Defending champion Sainz wins Dakar first stage

·2-min read

Defending champion Carlos Sainz won the first stage of the Dakar Rally on Sunday in Saudi Arabia with the kingdom hosting motorsport's most punishing event for the second year since its move from South America.

The Spaniard, a three-time Dakar winner, covered the 277km special between Jeddah and Bisha in his Mini Buggy in 3hr 18min 56sec.

Sainz, whose son Carlos drives for Ferrari in Formula One, finished 25sec ahead of French teammate Stephane Peterhansel after a gripping see-saw battle which record 13-time champion Peterhansel appeared to have won until Sainz stormed home to deny his celebrated rival.

"We spent lots of time in the midst of the vegetation, with bushes, tight corners," said Peterhansel, who counts seven auto titles in his collection of Dakar triumphs.

"We knew the bodywork would be in pretty poor shape by this evening, but when you want to be fast, you can't drive too conservatively.

Czech Martin Prokop (Ford) completed the first day's car podium.

While Sainz leads Peterhansel by eight seconds in the fledgling standings, for another luminary of the rally world the 2021 Dakar had barely begun before it was all but over.

Nine-time world rally champion Sebastien Loeb trails by more than 24 minutes after a day to forget.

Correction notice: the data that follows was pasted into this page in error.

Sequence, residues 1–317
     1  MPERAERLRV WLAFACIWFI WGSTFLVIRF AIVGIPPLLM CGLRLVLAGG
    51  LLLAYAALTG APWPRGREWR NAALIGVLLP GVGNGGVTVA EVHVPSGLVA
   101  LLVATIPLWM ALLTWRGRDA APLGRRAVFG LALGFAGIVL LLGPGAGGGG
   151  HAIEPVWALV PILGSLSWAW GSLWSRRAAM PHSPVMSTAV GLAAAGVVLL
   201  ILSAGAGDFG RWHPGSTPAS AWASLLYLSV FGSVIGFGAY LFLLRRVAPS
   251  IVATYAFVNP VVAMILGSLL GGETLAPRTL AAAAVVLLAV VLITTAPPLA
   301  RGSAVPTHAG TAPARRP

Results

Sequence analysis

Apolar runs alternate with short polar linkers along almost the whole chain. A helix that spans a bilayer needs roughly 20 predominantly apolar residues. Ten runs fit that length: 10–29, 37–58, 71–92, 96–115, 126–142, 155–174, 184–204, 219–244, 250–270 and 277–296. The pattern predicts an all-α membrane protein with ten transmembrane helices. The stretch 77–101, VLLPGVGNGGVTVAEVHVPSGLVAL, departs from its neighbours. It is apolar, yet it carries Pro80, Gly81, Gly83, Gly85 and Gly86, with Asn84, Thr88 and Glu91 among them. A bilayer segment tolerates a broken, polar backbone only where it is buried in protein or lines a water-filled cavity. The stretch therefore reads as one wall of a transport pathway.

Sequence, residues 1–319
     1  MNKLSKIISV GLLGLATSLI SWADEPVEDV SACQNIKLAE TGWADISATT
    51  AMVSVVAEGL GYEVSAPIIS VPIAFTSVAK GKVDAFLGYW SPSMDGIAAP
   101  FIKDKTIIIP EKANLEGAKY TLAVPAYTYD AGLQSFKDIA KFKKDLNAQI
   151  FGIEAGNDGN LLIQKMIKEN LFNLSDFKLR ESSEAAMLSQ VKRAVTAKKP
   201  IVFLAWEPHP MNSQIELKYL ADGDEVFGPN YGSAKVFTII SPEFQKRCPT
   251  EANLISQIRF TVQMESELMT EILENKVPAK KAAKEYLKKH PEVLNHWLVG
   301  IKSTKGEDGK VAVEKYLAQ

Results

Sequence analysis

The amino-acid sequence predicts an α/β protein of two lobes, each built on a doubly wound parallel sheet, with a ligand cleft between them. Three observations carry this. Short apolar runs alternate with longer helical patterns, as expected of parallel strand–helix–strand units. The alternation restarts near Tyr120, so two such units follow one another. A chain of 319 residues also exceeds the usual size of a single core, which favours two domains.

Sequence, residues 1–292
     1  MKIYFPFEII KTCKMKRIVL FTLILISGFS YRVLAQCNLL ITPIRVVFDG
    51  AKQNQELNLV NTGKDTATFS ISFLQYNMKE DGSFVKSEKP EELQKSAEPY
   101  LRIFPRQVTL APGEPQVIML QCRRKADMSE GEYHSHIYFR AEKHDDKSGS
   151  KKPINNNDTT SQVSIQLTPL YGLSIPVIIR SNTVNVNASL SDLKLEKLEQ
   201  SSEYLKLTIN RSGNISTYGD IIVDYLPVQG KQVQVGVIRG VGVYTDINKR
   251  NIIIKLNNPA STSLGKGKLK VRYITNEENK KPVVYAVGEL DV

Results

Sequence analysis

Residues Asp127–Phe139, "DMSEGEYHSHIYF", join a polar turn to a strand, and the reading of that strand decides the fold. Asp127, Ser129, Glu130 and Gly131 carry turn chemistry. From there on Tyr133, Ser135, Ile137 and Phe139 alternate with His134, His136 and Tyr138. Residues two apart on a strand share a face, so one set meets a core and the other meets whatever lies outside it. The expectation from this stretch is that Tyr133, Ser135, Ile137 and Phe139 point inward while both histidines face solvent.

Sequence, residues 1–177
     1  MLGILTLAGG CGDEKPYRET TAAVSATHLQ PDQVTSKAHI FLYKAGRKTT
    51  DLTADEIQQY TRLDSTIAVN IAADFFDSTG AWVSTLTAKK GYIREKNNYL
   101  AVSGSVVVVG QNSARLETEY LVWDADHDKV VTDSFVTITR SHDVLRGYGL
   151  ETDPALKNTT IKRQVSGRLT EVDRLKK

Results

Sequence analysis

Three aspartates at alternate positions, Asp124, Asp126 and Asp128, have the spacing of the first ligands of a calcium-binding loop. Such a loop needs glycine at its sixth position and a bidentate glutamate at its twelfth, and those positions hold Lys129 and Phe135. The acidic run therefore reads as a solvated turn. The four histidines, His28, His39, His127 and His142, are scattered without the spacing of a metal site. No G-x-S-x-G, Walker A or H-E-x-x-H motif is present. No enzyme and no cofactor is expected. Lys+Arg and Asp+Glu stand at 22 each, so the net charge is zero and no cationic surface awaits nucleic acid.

"I've rarely had such a terrible stage," the Frenchman lamented, after three punctures.

Nasser Al-Attiyah, the three-time winner from Qatar, was in 10th place, 12 minutes behind Sainz.

"We decided to win the prologue, and we expected to lose time opening the road today," said the 50-year-old.

"Tomorrow's stage is what really matters. I'm really happy with how it went because we made no mistakes."

In the motorbike category Australian Toby Price began his quest for a third crown in style, taking the first stage honours by more than half a minute from Argentine Kevin Benavides (Honda) and his KTM teammate, Matthias Walkner of Austria.

But the opening day proved tough going for reigning champion Ricky Brabec, Honda's American rider who trailed in almost 20 minutes behind Price after losing his way in the early part of the 277km special.

Monday's second stage sees competitors covering 685km, including a 457km special, between Bisha and Wadi Ad-Dawasir featuring the first taste of racing in dunes.

Launched in 1979 between Paris and the Senegalese capital Dakar, the celebrated endurance challenge moved to Saudi Arabia for the first time last year after a decade in South America, sparking angry reaction from human rights organisations who accused the kingdom of 'sports-washing'.

The rally concludes back in Jeddah on January 15.

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